Danaher And Thermo Fisher: Buy These High-Quality Compounders At A Fair Price

Jun. 17, 2022 11:00 AM ETDanaher Corporation (DHR), TMOVEEV27 Comments17 Likes


  • Two healthcare giants - Danaher and Thermo Fisher - are finally trading at a fair price.
  • Over the last decades, both companies shown a great track record of excellent operations.
  • Both companies have a great track record of integrating M&A into its strategy.
  • I consider both companies a buy, as they will continue to profit from secular tailwinds in the life sciences industry.

Female Medical Research Scientist Looks at Biological Samples Before Analysing it Under Digital Microscope in Applied Science Laboratory. Laboringenieur im weißen Mantel, der an Impfstoff en medicine and Medicine arbeitet.

gorodenkoff/iStock via Getty Images


As the world population is increasing and people are becoming older due to the wonders of innovation, the world is in need of strong health care companies improving our world with products to make our lives easier. Of course, while making a good profit. Today I want to discuss two industry giants, Danaher Corporation (NYSE:DHR) and Thermo Fisher (NYSE:TMO), which are very similar companies and are often mentioned together.

Throughout this article, I might refer to Thermo Fisher as TMO or Thermo and Danaher as DHR.

Quick Elevator Pitch On Each Company

This article is not aiming to be a deep dive into the business model of both companies, but rather a comparison between the fundamentals of the companies. I will give two quick elevator pitches about the business models, though.

Danaher Corporation

With $29.5 billion of revenue in 2021, Danaher is one of the world's largest healthcare holding companies. The company has three segments, Life Sciences taking up 50%, Diagnostics 33% and Environmental & Applied solutions 17%. Danaher is an acquisitive business, having spent over $30 billion in cash for acquisitions in the last 2 years. They also occasionally sell segments or spin-off segments into the stock market. Over 75% of revenues are now recurring, up from 45% in 2015. One of the special things about Danaher is the Danaher Business System, which is a version of Kaizen that Danaher uses on all its business units to increase value creation.

Danaher revenue segments and brands

Danaher revenue segments and brands (Danaher investor presentation 2021)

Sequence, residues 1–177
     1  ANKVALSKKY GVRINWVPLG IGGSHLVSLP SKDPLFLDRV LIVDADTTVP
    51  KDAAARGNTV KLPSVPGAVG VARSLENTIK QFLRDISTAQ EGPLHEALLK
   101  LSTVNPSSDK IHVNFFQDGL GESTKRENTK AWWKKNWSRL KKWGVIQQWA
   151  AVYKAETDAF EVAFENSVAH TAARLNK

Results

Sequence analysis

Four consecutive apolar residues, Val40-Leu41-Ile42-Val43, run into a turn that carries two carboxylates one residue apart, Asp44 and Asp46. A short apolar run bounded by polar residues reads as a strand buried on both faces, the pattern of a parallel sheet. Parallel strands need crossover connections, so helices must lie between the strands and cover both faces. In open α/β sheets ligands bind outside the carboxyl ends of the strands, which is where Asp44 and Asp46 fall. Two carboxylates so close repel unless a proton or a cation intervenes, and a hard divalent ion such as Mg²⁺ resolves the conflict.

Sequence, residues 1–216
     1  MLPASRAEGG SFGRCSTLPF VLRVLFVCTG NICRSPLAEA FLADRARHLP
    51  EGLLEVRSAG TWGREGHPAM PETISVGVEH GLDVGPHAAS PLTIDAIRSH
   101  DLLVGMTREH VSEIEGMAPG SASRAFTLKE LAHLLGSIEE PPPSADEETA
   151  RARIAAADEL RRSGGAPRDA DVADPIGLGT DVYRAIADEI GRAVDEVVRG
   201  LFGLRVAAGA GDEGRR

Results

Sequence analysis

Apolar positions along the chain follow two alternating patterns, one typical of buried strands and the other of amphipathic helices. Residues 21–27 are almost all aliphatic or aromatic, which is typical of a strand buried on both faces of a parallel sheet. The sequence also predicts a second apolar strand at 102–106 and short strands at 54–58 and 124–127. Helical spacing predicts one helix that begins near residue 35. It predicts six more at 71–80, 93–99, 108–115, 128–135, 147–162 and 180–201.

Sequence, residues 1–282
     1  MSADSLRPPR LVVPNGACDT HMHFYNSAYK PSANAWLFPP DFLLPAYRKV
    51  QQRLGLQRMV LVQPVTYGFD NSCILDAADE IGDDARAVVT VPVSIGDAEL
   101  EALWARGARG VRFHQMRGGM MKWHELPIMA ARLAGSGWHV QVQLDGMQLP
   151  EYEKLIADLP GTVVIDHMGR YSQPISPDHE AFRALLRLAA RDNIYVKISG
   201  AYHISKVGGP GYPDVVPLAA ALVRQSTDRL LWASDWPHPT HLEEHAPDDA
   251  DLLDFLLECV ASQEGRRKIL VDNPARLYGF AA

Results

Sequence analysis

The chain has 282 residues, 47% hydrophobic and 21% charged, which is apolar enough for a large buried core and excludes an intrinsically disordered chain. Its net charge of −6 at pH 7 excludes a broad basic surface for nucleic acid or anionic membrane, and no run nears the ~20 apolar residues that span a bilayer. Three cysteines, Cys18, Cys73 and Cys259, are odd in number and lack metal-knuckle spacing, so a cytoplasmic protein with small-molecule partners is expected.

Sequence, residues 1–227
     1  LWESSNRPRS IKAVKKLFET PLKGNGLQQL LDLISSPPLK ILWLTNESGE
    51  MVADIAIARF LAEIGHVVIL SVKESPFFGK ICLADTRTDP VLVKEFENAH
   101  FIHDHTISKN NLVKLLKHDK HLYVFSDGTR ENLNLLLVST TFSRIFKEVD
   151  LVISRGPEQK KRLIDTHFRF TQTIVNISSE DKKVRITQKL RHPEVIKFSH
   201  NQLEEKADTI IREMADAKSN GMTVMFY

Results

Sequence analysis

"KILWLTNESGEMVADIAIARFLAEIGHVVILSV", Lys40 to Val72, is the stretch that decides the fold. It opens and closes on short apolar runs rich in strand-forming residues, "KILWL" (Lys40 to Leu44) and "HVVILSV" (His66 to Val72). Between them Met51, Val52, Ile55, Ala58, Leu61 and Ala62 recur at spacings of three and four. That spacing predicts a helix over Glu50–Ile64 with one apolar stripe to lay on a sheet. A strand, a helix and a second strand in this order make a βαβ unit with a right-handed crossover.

Thermo Fisher

With $39 billion of revenue in 2021, Thermo Fisher also is one of the world's largest healthcare holding companies. Both companies have relatively similar portfolios. Like Danaher, TMO has a $15 billion Life Sciences business unit and a $5.5 billion diagnostic segment. Instead of an environmental segment, TMO has an analytics instrument ($6.2 billion) and Laboratory products and Biopharma Services ($16.7 billion) business units. TMO is also acquisitive, but to a lesser extent than Danaher, having spent $19 billion on acquisitions in 2021. Besides 2021 they do not make large acquisitions though. Like Danaher, TMO is also optimizing its offerings for recurring revenue models. Currently, 82% of revenue consists of services and consumables. We can conclude that both companies are leaders in important segments in the healthcare space, with a diversified portfolio of business units.

Thermo Fisher revenue segments

Thermo Fisher revenue segments (Thermo Fisher investor day)


Thermo Fisher estimates its market segments at $225 billion, with a long-term growth trend of 4-6%. This is in line with estimates for the life sciences industry from Veeva Systems (VEEV), which I discussed more in-depth in an article this April. So we can see that both companies, having rather similar business segments, have long-term tailwinds in their growth.

life sciences industry growth

life sciences industry growth (Thermo fisher investor day)

Capital Reinvestment

Over the long term, Capital Allocation is one of the most important differentiators for the performance of a company. This means how are the cash flows generated by the company reinvested. Companies have six options:

  1. Invest in the existing operations of the business
  2. Acquire new businesses
  3. Buy back shares
  4. Pay out dividends
  5. Pay down debt
  6. Sit on the cash

The result of these reinvestments can be roughly measured by Return on Equity, Return on Assets and Return on Capital. In the graphic below we can see that in recent years TMO has had a great development of returns, while DHR has largely stagnated with a slight downtrend. It is also important to compare Returns on Capital with the weighted average cost of capital (OTC:WACC) for the company. The rule of thumb is that a company should generate excess Returns on Capital compared to its WACC of 2%. The WACC for TMO is 6.89%, which is 2.85% below the ROC, in line with the rule of thumb. The WACC for DHR is 7.61%, which is 0.28% below the ROC. That means DHR does generate higher returns than its WACC, but doesn't exceed the rule of thumb. Thermo Fisher seems to have the upper hand on Capital reinvestment.